Families Are Fleeing Government-Run Schools
This fall may be the biggest moment of truth for public education since the 1970s.
After seeing enrollment in government-run K-12 schools decline by 3 percent in COVID-marred 2020–21 (including 13 percent for kindergarten and pre-K), all while homeschooling tripled, the $122 billion question facing this new school year is whether that defection is an aberration or inflection point. Given the amount of time that families have now had to plan around school-opening policies that have been among the most cautious in the developed world, would they choose their neighborhood school, or seek alternative solutions with more predictable schedules?
An early bellwether came clanging in last week, suggesting that the mass opting-out will be no mere blip. “Sadly, since the onset of the pandemic, our school roster has declined by 120 students who have left our school,” Principal Elizabeth Garraway of Brooklyn’s P.S. 118 Maurice Sendak elementary school emailed to parents in affluent Park Slope. “Due to the drastic decline in our numbers, our budget to pay teacher salaries was drastically reduced.”
The school, in Brooklyn’s District 15 (where my daughters attend), has plummeted from 345 students in 2018–19 to a projected 225 this September, with kindergarten enrollment collapsing from 76 to 37. Because school funding is pegged to enrollment, that means four teachers had to be reassigned within the Department of Education (DOE), while four others found new jobs. (As per usual in personnel proceedings involving a strong public sector union, it’s the longest-tenured teachers who get to stay, and the freshest blood shown the door.)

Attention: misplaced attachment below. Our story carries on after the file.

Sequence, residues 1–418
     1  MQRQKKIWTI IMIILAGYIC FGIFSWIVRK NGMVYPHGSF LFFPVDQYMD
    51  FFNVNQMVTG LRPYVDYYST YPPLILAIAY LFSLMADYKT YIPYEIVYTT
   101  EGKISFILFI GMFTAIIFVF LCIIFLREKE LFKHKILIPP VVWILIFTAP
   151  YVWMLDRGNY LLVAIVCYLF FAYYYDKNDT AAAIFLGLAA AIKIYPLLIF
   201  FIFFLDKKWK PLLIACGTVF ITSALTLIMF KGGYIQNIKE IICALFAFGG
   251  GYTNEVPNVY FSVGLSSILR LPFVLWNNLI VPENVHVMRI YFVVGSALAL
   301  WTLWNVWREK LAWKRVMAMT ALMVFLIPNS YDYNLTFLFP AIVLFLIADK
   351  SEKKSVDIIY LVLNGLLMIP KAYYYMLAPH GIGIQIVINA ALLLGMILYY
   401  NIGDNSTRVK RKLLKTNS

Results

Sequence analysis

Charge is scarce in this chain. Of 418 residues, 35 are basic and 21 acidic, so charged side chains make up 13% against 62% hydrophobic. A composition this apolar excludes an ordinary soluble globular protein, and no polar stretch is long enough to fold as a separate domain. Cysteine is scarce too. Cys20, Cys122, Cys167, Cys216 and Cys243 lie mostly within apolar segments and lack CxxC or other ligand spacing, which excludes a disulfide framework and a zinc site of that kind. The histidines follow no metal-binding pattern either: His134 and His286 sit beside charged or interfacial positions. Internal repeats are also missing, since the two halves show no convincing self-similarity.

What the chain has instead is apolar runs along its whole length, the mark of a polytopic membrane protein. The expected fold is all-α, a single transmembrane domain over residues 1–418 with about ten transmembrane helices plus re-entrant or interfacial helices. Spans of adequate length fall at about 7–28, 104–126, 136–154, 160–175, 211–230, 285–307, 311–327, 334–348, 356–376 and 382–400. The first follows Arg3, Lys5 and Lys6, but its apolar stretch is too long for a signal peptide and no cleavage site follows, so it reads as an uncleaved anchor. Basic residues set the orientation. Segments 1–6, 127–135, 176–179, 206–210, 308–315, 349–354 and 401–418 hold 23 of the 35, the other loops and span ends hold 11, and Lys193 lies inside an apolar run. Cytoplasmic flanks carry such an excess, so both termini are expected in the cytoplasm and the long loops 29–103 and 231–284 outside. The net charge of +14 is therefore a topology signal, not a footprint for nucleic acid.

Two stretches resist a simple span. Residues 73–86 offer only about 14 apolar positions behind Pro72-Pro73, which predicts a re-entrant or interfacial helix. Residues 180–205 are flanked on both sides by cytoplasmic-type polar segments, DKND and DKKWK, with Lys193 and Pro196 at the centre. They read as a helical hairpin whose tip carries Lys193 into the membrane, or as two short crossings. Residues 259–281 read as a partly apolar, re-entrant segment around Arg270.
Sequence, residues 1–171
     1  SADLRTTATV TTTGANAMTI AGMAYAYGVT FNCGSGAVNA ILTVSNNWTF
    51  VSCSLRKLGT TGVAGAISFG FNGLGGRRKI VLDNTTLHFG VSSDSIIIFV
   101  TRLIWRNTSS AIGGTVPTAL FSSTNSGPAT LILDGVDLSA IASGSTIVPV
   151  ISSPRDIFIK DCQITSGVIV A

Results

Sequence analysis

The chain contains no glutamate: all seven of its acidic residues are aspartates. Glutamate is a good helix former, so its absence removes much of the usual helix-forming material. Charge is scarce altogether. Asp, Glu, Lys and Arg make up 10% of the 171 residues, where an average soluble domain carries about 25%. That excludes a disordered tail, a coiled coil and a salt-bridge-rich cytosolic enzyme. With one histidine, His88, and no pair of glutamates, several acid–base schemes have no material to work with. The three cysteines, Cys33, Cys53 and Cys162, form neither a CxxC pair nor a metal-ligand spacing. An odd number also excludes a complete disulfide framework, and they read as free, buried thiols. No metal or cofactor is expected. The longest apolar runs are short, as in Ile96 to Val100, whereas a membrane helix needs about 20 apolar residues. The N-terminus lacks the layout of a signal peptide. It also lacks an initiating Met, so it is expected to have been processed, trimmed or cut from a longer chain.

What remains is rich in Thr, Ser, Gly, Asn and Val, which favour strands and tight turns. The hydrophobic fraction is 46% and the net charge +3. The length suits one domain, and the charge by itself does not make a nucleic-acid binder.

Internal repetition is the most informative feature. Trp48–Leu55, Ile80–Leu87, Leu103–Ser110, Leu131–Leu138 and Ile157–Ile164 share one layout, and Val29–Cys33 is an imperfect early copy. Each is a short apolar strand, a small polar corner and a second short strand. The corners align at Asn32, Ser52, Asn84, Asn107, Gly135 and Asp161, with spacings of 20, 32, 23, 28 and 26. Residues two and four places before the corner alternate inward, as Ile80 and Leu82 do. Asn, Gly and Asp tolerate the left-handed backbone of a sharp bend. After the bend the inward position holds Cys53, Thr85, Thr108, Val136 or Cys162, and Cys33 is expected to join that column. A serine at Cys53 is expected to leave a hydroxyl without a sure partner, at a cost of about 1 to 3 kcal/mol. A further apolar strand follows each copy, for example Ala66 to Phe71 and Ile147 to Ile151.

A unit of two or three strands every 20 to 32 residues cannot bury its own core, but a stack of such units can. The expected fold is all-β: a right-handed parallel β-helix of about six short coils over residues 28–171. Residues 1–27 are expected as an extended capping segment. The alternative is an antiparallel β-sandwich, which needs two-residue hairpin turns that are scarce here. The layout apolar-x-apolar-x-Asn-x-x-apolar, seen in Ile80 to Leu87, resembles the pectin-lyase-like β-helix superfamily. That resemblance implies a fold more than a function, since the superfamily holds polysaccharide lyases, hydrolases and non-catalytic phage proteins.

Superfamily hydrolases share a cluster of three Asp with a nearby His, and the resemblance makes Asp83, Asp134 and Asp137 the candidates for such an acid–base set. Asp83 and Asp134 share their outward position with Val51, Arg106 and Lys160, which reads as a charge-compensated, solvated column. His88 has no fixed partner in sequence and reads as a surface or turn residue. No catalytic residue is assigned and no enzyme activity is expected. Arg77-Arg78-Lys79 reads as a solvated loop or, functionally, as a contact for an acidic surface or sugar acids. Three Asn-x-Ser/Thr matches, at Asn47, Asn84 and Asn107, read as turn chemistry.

“Unfortunately, losing a third of our student body population had very dire consequences for our community,” Garraway wrote.
Maurice Sendak is a successful, highly coveted school; the kind of place parents pay a real estate premium to get into. Until two years ago, public schools in brownstone and gentrifying areas of District 15 were experiencing long enrollment upswings, which ran concurrently with a citywide increase in public school “uptake” from around two-thirds of all resident children to three-quarters.
Those trend lines are now collapsing. The DOE serviced 43,000 fewer kids last year, a drop of more than 4 percent, while charter school enrollment increased by nearly 10,000 despite a state-enforced cap. The five-year numbers prior to this fall are even more dramatic—government-run schools are down more than 5 percent (including 18 percent for kindergarten), while charters are up 31 percent. “Half of all 32 New York City school districts have lost at least 10 percent of their enrollment these past five years,” noted the New York Post.
Enrollment for 2021–22 is still unknown (as far as I can tell, my local elementary still mistakenly believes my soon-to-be first-grader will be attending), but preliminary data from the spring indicated that the kindergarten population, far from bouncing back after a “redshirt” year, would continue to plunge: Applications were down 12 percent, after having declined 9 percent the year before.
Why are families leaving? Back in April I wrote that “it’s too early to say” whether reopening policies played a measurable (in addition to the observably anecdotal) role, but research since then has bolstered that case.
A joint Stanford Graduate School of Education/New York Times study of 70,000 public schools in 33 states three weeks ago showed that those offering remote-on
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